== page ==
The first chapter is quick reading, and actually pretty interesting considering it's just a history of HTML. Old emails from names like Marc Andreessen and Tim Berners-Lee arguing over the img tag, and how we ultimately ended up with the current format, are entertaining. Ok, next. Chapter 2 covers compatibility, since not all web browsers support every piece of the HTML5 moving target, and how to detect if your visitor can see what you're trying to show them. Then we get a detailed but quick run-through on canvas, 2-D drawing, video codecs, geo-location, local data storage, offline web apps and new form elements. Chapter 10 wraps things up by future-proofing HTML5 and sneaking microdata annotations into your code, and tries to lay down some standards for different types of data in a way compatible with Google's Rich Snippets. This is followed by a very handy alphabetical guide to detecting the new stuff, and a standard index.

What's not to like? Well, by the time I finish typing this sentence some of the topics in the book may have changed. Those changes are likely documented somewhere online for free. Three days ago, for example, the MPEG LA group declared that H.264 video will be royalty-free forever. That could set it up as the favored web video standard going forward. Not that this makes the nine pages on encoding Ogg Theora video a waste, but maybe more time could have been spent on interactive UI elements, animation, CSS or 3-D drawing inside the browser instead of external video generation. And when I said "quick run-through" of some elements, I meant it. The chapter on forms, for example, shows how to fall back when using the new autofocus tag, by using Javascript for older browsers. But it doesn't have any fallback example for the placeholder tag at all.

This book is a foothold, however, and a necessary step to fill the holes in one's background. Like I said, these are the first books to cover actually using HTML, CSS and Javascript together as the new trinity of web development. The diagrams and code examples for canvas, as an example, are more clear in "HTML5: Up and Running" than anything I had found previously online. I'm looking forward to the next in the series.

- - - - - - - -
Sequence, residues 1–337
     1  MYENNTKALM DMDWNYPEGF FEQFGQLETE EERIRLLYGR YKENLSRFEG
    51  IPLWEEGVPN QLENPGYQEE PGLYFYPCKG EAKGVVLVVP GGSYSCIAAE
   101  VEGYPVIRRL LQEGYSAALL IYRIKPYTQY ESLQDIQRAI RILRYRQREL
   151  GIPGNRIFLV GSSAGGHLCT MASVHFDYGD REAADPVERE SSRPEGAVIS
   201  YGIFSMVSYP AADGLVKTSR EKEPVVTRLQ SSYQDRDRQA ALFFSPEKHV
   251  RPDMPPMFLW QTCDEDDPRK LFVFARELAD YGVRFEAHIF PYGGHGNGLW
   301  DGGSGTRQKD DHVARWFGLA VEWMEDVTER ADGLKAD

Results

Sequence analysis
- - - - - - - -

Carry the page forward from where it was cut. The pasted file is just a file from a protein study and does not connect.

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on December 7, 2014
Well written, with a clear explanatory style for a particular audience: those folk who are familiar with previous versions of HTML. This book (and its associated website) gave a good breakdown of the history and new/changed features of HTML5. one small niggle; (not being a Twitter/Facebook person) the referred links in the book would have been better in full - not the abbreviated style all too common now...
I liked it.
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on September 3, 2011
This book by Mark Pilgrim entitled HTML5 Up and Running will teach you "what's new" in HTML5 and is a good first book for the novice. The author begins with a short history of HTML, W3C and web standards and then introduces the new HTML5 features.

To answer the problem of how differently browsers support new HTML standards, the author suggest the web developer test support for each HTML5 feature used on the website. He discusses four techniques for testing. Next, he walks through each tag on a generic HTML5 webpage, including the new HTML5 elements such as section, article, header, footer and more. As you progress through the book, Pilgrim points out potential problems you may encounter with Internet Explorer.

Moving forward, Pilgrim introduces the HTML5 Canvas drawing API. He uses a simple Halma 9-piece game to demonstrate how the Canvas feature works. He moves on to the new video and audio tags that eliminate the need for plugins. He covers several methods for encoding video including Firefogg, HandBrake and ffmpeg. He demonstrates a WebM sample and then discusses the Geolocation API to display the user's geolocation on a map.

Pilgrim returns to the Halma game to demonstrate local storage and offline applications, new HTML5 features. Pilgrim discusses how the web developer can use local storage to save key/value data pairs on the client's browser and how adding a manifest file to a website can be used for saving and updating the state for offline applications.

Next, Pilgrim discusses the new HTML5 form input tags such as placeholder text and spinboxes. He covers the code for each and their uses. The final chapter covers how to use the new HTML5 microdata feature for browsers and search engines.

Mark Pilgrim works for Google and specializes in open source and open standards. You can learn more about the author and this book at

*O'Reilly provided a review copy to me free of charge.